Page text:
Nurdin cries foul on Japanese suppliers: Cash-and-carry group complains to OFT

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The Independent Online
NURDIN & Peacock, the cash-and- carry group, has complained to the Office of Fair Trading about Sony and other Japanese electrical goods makers refusing to supply its new US-style discount warehouse.

The company, which yesterday announced a pounds 22m acquisition from Fitzwilton and profits up 6.5 per cent to pounds 32.1m, said it was given no reasonable explanation for the refusal. But David Poole, Nurdin & Peacock's chief executive, detected the influence of the more established high street retailers, worried by the introduction of warehouse shopping into the UK.

The company has also complained to Brussels, where Sony is currently lobbying the European Commission for greater access to European markets. 'It is somewhat odd that Sony want more open access, but refuse to supply us,' Mr Poole said.

He said Panasonic, JVC and Toshiba also refused to supply Nurdin & Peacock, which now purchases goods made by these companies on the 'grey' market.

Britain's first warehouse club was opened last year by Costco, offering a no-frills service with prices cut to the bone and goods sold in bulk. Tesco, Safeway and Sainsbury lost a High Court action to block planning permission for the store.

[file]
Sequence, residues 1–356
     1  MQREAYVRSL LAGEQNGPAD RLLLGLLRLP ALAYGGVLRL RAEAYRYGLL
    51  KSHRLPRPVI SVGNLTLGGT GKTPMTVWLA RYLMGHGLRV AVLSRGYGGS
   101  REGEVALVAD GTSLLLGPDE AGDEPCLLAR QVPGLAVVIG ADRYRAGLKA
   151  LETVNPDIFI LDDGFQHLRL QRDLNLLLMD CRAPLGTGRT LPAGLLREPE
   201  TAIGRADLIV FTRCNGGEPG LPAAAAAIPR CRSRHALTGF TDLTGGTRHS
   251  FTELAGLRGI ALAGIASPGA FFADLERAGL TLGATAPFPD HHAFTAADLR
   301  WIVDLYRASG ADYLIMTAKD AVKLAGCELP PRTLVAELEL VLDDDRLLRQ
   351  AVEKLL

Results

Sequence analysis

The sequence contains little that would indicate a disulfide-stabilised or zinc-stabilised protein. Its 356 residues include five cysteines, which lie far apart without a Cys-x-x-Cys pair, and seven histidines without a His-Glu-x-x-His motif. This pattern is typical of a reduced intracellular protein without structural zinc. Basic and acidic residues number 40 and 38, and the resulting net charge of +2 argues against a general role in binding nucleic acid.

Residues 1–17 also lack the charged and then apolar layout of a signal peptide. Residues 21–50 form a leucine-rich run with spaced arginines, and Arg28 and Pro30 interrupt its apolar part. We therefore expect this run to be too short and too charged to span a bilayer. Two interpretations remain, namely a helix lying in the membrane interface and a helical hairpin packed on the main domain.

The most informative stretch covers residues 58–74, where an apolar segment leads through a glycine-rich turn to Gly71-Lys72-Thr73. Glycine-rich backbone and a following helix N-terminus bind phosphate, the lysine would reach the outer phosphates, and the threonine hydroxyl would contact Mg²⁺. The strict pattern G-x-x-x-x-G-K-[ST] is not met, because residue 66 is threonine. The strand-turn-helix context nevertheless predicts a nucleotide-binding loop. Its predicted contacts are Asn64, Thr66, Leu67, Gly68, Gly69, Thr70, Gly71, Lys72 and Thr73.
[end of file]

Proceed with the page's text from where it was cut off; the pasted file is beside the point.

Nurdin & Peacock opened its own warehouse near Croydon last month, claiming to offer 15-20 per cent savings on audio-visual goods. Mr Poole said: 'Sony has given transparently thin reasons for not supplying us. We think there must be some pressure being applied from established retailers.' Sony said it was surprised by the comments as it was still in talks about supplying the company.

Nurdin & Peacock also said yesterday it was paying pounds 21.9m cash for Fitzwilton's M6 division of 10 cash- and-carry branches, whose profits last year fell to pounds 412,000 on turnover of pounds 207m. Nurdin & Peacock's profits for the year to 31 December were struck on turnover down 3 per cent to pounds 1.4bn. However, margins edged ahead from 8 per cent to 8.5 per cent thanks to improved central controls and cost reductions, including a pounds 1m reduction in shrinkage.

The pilot trade and business centre in Glasgow achieved sales 30 per cent higher than those from an equivalent cash-and-carry. Nurdin & Peacock is spending pounds 10m converting 44 cash-and-carrys to business centres.

A final dividend of 4.4p makes a 6.5p total. Earnings rose 3.5 per cent to 17.6p. The shares rose 1p to 210p. Fitzwilton shares gained 2p to 48p.